Talking about Shopper (and my compulsion to be ultra-organized about grocery shopping) reminded me of one of my other compulsions: making a menu plan for dinners.
A long time ago, I tried out FlyLady to help organize my life a bit. I failed at a lot of the plan, but one thing that stuck with me was the idea of making a dinner menu for a week, two weeks, or even a month at a time.
I hated when I would get to 5:30 (or later!) and realize that I had no clue what I would feed the family for dinner. Not only that, but I would also realize at that moment that whatever I could feed them was likely frozen and was not going to defrost in time (or well, if I used the microwave) for us to eat before bedtime.
So I started to write a menu for the next week and plan out our meals.
At first, I over-cooked and didn’t plan on leftovers often enough, but eventually I got the hang of how often we could eat leftovers to prevent me from doing what I had been tending to do for years: go through the fridge every few weeks, find the food that we’d forgotten was in the fridge and throw it out before it became sentient and attacked us all.
I had a good record of getting to the food before it got to us, but I really hated throwing away what used to be perfectly good food whose only crime was that we forgot about it for a week or two. And it grew hair. And possibly legs, though no one has ever really been able to prove that about those baked beans.
Once I got the hang of doing a menu for one week, I pushed myself to do it for two. I realized that if I wrote activities down on my calendar, I’d remember when we were going to be out late (crockpot night!), when we were going to a banquet (don’t cook when we’re having pizza with the soccer team!), and when my husband was out of town (cook less often and eat a lot of leftovers).
Then I started getting fancier with my dinner menu calendar: I’d write down the cookbook and page number of the recipe. When I was counting points with Weight Watchers, I’d write down how many points dinner would be so I could budget the rest of my day’s points.
Pretty soon, I also noticed that there were way fewer incidents with leftovers that resembled gladiator games, too, because we were eating them before they went bad.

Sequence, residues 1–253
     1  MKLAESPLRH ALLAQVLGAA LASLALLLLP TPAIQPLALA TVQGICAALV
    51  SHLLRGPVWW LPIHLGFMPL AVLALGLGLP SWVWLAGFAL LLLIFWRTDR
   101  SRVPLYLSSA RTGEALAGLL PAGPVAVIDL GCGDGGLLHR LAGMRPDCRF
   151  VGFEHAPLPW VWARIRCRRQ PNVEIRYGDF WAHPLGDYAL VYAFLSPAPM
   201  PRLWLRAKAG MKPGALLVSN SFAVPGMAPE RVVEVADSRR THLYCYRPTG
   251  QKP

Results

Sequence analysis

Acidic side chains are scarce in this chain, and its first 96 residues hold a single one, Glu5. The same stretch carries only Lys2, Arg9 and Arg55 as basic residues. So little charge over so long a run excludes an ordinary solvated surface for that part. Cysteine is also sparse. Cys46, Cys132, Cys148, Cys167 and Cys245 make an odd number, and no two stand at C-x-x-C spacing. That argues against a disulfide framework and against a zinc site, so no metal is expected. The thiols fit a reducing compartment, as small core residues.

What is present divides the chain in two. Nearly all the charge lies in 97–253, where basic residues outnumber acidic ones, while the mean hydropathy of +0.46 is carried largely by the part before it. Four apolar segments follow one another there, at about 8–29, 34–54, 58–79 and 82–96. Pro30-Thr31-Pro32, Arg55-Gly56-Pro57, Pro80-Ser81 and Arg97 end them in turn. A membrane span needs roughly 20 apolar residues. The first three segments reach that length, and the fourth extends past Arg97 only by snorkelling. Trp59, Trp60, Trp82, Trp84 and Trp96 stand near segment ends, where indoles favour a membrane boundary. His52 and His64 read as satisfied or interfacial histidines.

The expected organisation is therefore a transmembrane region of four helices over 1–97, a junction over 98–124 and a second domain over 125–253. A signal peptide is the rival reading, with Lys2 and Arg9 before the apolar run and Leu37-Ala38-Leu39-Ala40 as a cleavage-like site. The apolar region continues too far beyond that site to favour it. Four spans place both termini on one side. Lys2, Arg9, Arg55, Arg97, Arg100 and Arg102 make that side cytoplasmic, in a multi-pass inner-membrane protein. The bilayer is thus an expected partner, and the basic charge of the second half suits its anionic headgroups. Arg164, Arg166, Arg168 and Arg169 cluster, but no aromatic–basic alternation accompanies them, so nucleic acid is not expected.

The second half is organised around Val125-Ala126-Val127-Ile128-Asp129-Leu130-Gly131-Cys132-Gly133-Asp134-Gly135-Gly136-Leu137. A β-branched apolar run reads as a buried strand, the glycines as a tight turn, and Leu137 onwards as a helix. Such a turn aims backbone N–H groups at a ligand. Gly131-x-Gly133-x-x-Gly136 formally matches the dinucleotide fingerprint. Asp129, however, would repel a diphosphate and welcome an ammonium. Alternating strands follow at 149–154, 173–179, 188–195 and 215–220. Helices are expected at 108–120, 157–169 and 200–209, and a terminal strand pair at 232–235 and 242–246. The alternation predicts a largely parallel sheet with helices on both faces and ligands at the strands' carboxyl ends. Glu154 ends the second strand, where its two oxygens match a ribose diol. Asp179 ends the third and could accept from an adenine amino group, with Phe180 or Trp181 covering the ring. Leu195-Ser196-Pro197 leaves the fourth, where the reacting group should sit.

After a while, I was doing five weeks at a time! And I realized something: my grocery budget was cut by around 30% just because I knew what I was going to be cooking that week.
Before I went shopping, I would pull out my cookbooks, check ingredient lists for the week, and add what I needed. Once I got to the store, I’d buy what I needed and little else.
I was no longer buying a bunch of chicken just because it was there and I was pretty sure I’d be able to figure out something to do with it, but I was buying it because I had two chicken dishes I was making this week and I knew how much I needed.
I wasn’t starting a recipe for Jambalaya only to realize that I was out of rice and would need to buy that little package around the corner that was three times the price per pound that it is at Sam’s.
And, because I was posting the menu on the fridge, when I got the “what’s for dinner?” question from everyone two or three times a day, I could just point at the menu and grunt. (This is especially important if I haven’t had my coffee yet.)
But pretty soon, I was finding that sitting and writing the menu out again and again was time-consuming and was also giving me writer’s cramp. Yuck.
So one day, I decided to use my computer’s calendar to keep track of the menu. The Dinner Menu has its own calendar on my computer, and when I’m being really good about it, it can look like this on the desktop:
I’ve also found that the longer I’ve been using this method, the less often I have to actually type in the information. I can simply search for a recipe on past calendars and copy/paste it onto the day I’m planning on making it again.
I can even print it out in a list form that will show notes about the menu, including which cookbook it’s in and how many WW points I’m using for it. That’s actually the one I usually post on the fridge now.
This isn’t to say that I’m never moving things or just crossing something off because we wound up with a last-minute change, but by simply having a plan, my grocery list stays organized, I remember to defrost the pork chops in time to make them, and I don’t hear “what’s for dinner?” nearly as often as I used to.
The biggest benefits happen at the grocery store when I know what I’m buying (less time there) and I stick with my list (less money spent)!
Which all reminds me…it’s time to write another menu. Later!
Copyright 2012 Christine Johnson